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Retinoscopy: How Does it Work?

There may be various assessments that you may have noticed at an eye exam and wondered what they are for. Having a bright light shined into your eyes could be an example. Firstly, this test is known as a retinoscopy examination, and it's a basic way to determine the refractive error of your eye. By merely looking at the way light reflects off your retina, the optometrist can determine if you are nearsighted, farsighted or have astigmatism. This is how they may also measure the prescription required to correct your vision.

How well your eyes are able to focus under the circumstance we create during the retinoscopy exam is the main thing we look for. We begin the exam by looking for what's known as your red reflex. The retinoscope sends a beam of light into your eye, and a red or orange light reflects through your pupil and off your retina. The angle at which the light refracts off your retina, which is what eye care professionals call your focal length, is the thing that tells us how well your eye can focus. And if we notice that you can't focus well, that's where the lenses come in. We hold up a number of lenses with varying prescriptions in front of your eye to see which one fixes the refractive error. This is precisely how we find out what prescription your glasses or contact lenses need to be.

Your optometrist will perform your exam in a darkened room. To make your eyes easier to examine, you'll usually be asked to keep your eyes fixed on an object behind the doctor. Because a patient isn't instructed to read eye charts during a retinoscopy exam, it's also a particularly useful way to determine an accurate prescription for children or patients who have difficulty with speech.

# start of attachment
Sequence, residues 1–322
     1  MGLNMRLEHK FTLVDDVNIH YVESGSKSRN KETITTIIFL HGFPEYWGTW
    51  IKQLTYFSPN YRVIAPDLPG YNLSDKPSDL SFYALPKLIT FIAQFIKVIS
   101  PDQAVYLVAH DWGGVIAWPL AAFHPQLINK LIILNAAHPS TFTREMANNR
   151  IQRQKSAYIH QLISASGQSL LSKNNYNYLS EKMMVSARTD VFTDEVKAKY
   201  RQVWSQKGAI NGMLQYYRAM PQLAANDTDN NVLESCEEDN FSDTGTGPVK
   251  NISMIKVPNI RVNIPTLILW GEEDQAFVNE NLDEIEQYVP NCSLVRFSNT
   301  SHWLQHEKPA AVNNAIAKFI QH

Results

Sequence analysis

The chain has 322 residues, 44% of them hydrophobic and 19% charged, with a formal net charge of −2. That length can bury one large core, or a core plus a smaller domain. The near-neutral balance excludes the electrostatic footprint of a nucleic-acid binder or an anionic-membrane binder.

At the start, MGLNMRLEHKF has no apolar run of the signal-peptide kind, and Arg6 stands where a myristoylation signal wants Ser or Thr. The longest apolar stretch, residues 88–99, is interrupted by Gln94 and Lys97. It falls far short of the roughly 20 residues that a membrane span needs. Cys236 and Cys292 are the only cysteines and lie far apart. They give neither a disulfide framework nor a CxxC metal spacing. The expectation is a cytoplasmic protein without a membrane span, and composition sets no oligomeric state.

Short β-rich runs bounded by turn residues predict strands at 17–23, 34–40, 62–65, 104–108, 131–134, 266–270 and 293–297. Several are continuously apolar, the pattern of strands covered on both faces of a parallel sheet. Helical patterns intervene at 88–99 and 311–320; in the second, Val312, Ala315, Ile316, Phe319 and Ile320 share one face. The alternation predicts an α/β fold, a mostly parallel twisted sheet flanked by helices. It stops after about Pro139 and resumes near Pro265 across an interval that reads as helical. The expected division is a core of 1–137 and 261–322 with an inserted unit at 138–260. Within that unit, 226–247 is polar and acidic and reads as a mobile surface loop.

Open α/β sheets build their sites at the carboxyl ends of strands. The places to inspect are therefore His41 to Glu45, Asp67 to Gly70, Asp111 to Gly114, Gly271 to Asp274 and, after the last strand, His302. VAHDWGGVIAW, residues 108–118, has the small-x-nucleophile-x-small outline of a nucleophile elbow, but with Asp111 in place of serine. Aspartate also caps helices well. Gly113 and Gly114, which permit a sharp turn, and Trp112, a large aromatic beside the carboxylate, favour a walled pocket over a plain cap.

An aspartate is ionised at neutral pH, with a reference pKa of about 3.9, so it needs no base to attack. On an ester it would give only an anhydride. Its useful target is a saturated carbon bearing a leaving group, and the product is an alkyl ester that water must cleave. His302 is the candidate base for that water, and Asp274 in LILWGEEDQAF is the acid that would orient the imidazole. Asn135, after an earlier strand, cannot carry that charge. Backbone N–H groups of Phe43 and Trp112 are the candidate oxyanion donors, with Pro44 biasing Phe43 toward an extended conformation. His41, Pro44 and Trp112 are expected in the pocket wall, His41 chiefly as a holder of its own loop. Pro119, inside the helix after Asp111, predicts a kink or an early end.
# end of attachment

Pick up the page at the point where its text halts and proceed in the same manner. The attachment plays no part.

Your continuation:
To all True Vision patients, customers and friends:

Dr Hopkins and the staff of True Vision want to say thank you for both your patronage and especially your patience during this uncertain time. The AOA and CDC have recommended that we reduce our services to emergencies only for the time being. We will remain available by phone to answer questions, place contact lens orders and schedule appointments for any emergency situations.  Dr. Hopkins is also available by way of FaceTime and Skype for Telemedicine.

Our service hours will be Tuesday and Friday ONLY 10 am-4 pm beginning Tuesday, April 7th until further notice. The office phone number is 740-277-7550 and voicemail is available for any questions or concerns outside of these hours. However, the office is closed to all walk-in traffic.

For our contact lens wearers:

If you need a supply of contacts for the next 2-3 months, we suggest placing an order ASAP as we can not predict how long suppliers will be filling orders. Also, Dr Hopkins will be extending contact lens prescriptions if necessary for 3 additional months without a new exam and fitting on a case by case basis. Lastly, orders of 2 or more boxes can be shipped to you at no additional cost if you prefer.

For our outstanding glasses orders:

You may either pick up your glasses on a drive-by/handoff basis (no adjustments) or we can mail them to you at no additional charge. This is not an ideal way to dispense eyewear but we are trying to follow social distancing guidelines.

We have more detailed information available on our website at drannahopkins.com

Finally, we are so grateful for all of our patients, customers and friends. Dr Hopkins’ ultimate goal for us here at True Vision is to be here for you as long as possible to do whatever we can and to be ready when the smoke eventually clears. Let’s all do what we can for each other by staying home when we’re able, washing our hands and being patient and kind to each other.

Our sincerest thanks,

Dr Anna K Hopkins and the staff at True Vision